How to become a temporary resident in Poland

by Ewelina Nurczyk in: Legal & Taxes, 08 Jan 2016     0 Comments

Extending your visa may seem like a good idea to prolong your legal stay in Poland, but it is possible only under extraordinary circumstances. Individuals willing to stay longer in Poland usually choose to apply for a residence card. Learn how to do it.

Obtaining a visa is usually the first step to legalise your stay in Poland, but it is difficult to extend it (read about prolonging your visa). Therefore, when a visa’s expiration date is nearing, foreigners willing to stay here for more than 3 months choose to apply for a temporary residence card. The document allows them to stay in Poland for the maximum of 3 years (the length of the period depends on specific circumstances) and can be renewed if necessary. It also allows you to visit other Schengen countries for touristic purposes - up to 90 days in half a year.

Find a reason

Every foreigner willing to become a temporary resident of Poland needs to give grounds for their stay in the country. There is a variety of reasons to choose from and it is important to apply on the basis of the correct one. Here follows the list of the most common grounds for application:

  • Starting or continuing work in Poland;
  • Working as a highly skilled employee (the Blue Card);
  • Working as a delegate of a foreign company;
  • Starting a business in Poland;
  • Pursuing higher education studies in Poland (as well as language courses prior to studies);
  • Academic research in Poland;
  • Visiting relatives by a Polish national or a foreigner’s family members;
  • Being a victim of human trafficking;
  • Intending to reunite with a family member who is a EU national;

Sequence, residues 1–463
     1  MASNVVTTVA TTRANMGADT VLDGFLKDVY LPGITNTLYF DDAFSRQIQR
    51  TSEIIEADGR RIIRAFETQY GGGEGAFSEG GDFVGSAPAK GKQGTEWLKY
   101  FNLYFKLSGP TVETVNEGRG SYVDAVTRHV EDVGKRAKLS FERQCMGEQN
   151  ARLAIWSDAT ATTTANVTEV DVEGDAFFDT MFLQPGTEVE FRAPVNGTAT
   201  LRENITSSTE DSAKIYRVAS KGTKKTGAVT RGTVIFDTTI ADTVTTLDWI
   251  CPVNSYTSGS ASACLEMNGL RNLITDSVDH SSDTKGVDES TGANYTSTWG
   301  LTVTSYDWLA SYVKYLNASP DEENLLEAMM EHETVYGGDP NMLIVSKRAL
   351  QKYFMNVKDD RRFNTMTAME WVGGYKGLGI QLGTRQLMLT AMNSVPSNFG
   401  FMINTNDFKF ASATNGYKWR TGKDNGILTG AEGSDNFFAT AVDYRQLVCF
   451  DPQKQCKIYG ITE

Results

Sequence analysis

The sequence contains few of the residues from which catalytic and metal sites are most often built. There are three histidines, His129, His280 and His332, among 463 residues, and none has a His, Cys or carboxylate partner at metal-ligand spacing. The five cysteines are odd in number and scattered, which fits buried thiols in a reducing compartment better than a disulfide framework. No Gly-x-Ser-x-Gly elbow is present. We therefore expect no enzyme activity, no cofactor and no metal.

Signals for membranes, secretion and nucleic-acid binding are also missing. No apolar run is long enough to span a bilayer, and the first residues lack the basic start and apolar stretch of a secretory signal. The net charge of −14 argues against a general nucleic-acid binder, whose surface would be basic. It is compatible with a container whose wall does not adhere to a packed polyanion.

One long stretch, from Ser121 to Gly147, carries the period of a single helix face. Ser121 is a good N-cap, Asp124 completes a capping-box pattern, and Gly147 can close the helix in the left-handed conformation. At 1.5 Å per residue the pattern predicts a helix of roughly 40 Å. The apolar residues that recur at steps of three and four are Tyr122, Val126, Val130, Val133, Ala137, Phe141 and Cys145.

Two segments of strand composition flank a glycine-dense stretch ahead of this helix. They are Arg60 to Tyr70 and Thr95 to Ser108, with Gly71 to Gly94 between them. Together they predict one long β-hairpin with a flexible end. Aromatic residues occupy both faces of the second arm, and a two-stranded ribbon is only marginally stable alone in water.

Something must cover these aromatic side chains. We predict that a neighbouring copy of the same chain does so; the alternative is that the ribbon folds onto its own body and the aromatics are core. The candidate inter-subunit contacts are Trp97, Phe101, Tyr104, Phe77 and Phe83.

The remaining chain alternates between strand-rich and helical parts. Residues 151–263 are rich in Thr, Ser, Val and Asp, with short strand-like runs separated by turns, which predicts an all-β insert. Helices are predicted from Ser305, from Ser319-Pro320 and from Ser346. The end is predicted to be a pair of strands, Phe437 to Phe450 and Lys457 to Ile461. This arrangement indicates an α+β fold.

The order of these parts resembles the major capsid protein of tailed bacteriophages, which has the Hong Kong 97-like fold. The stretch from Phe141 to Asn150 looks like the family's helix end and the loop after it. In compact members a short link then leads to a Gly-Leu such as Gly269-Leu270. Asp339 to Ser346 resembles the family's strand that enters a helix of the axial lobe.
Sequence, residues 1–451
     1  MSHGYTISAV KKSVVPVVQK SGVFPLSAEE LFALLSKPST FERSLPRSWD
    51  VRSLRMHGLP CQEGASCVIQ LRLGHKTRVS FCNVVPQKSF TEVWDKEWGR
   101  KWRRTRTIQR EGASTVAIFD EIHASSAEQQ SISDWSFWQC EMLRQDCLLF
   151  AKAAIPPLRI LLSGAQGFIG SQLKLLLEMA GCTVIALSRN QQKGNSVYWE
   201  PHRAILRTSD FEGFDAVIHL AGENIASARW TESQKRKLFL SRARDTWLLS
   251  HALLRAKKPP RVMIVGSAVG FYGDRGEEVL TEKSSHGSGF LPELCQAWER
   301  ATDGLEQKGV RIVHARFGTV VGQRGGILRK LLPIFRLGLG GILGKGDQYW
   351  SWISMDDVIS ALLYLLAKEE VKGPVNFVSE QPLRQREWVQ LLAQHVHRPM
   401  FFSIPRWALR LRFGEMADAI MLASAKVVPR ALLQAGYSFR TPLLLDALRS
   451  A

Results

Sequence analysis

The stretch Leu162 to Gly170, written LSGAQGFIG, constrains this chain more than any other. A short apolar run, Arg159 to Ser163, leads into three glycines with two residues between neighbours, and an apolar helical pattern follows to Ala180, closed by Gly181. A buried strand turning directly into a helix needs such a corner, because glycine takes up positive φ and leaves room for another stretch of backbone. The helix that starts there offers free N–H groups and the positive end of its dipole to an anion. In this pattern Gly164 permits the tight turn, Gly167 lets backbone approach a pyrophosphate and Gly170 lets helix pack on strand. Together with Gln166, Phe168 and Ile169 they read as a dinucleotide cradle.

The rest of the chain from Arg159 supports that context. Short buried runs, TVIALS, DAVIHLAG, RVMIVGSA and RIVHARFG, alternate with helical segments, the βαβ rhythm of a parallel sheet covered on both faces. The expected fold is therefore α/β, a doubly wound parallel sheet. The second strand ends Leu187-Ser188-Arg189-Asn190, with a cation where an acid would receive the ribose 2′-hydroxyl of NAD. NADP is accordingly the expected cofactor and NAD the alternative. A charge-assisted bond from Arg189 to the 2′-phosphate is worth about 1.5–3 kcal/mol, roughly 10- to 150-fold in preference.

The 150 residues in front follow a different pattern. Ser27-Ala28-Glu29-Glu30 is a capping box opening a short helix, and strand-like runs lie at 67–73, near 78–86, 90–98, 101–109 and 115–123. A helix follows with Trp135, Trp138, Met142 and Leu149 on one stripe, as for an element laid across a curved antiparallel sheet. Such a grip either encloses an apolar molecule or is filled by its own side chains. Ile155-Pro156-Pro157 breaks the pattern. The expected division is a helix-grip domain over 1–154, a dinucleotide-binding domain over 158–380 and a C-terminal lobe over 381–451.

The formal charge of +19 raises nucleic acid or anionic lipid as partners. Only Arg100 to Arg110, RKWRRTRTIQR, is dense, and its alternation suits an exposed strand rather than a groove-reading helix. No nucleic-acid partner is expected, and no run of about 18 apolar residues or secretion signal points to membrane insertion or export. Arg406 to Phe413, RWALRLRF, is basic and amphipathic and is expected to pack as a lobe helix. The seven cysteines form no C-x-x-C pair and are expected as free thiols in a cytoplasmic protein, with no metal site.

• Being a minor child of a person residing in Poland on the grounds of a national visa or a residency card, provided the child was born during the document’s validity period;
  • Being a minor child of a foreigner married to a Polish citizen and possessing a temporary residence permit issued for a Polish citizen family member;
  • Other compelling and documented grounds.

Who will not be granted temporary residence card?

There is also a number of circumstances which prevent Polish authorities from issuing a temporary residence card. If you fall into one of these categories, you will not be granted a temporary residence card. The reasons may include:

  • Being a long-term or permanent EU resident;
  • Staying in Poland on the grounds of a Schengen visa issued for humanitarian reasons;
  • Already staying in Poland on the basis of a temporary residence card issued under circumstances requiring a short stay;
  • Being granted a tolerated stay, permit for a stay on the grounds of humanitarian reasons, asylum, subsidiary or temporary protection, refugee status;
  • Already being the process of applying for a refugee status or seeking asylum;
  • Being placed in a guarded facility, detention or being subject to a ban on leaving the Polish territory;
  • Being imprisoned or in pre-trial custody;
  • Being obliged to return and the period of voluntary return has not expired yet (even in the cases of extending the period);